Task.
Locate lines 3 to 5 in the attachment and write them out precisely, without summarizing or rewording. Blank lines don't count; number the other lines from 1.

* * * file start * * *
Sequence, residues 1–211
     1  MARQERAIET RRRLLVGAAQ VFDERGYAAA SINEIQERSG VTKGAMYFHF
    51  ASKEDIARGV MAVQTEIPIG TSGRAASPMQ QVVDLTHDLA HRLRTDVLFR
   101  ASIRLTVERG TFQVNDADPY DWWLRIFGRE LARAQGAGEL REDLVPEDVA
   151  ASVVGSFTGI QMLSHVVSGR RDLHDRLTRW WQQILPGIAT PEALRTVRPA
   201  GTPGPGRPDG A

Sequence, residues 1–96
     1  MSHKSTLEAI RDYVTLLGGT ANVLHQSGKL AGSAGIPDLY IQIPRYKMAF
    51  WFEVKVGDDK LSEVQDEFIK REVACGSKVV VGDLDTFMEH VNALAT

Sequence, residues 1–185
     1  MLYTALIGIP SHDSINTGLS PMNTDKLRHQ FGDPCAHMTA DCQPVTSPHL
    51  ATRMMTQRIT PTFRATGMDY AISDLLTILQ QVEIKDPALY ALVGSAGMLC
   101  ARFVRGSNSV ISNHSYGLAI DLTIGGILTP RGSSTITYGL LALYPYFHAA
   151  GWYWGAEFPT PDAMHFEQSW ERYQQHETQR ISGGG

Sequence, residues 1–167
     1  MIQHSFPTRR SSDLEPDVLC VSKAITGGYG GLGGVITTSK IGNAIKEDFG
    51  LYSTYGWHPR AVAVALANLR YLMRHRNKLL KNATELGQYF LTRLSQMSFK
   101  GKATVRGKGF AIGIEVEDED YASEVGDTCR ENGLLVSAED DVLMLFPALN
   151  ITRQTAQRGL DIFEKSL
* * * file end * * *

    51  ASKEDIARGV MAVQTEIPIG TSGRAASPMQ QVVDLTHDLA HRLRTDVLFR
   101  ASIRLTVERG TFQVNDADPY DWWLRIFGRE LARAQGAGEL REDLVPEDVA
   151  ASVVGSFTGI QMLSHVVSGR RDLHDRLTRW WQQILPGIAT PEALRTVRPA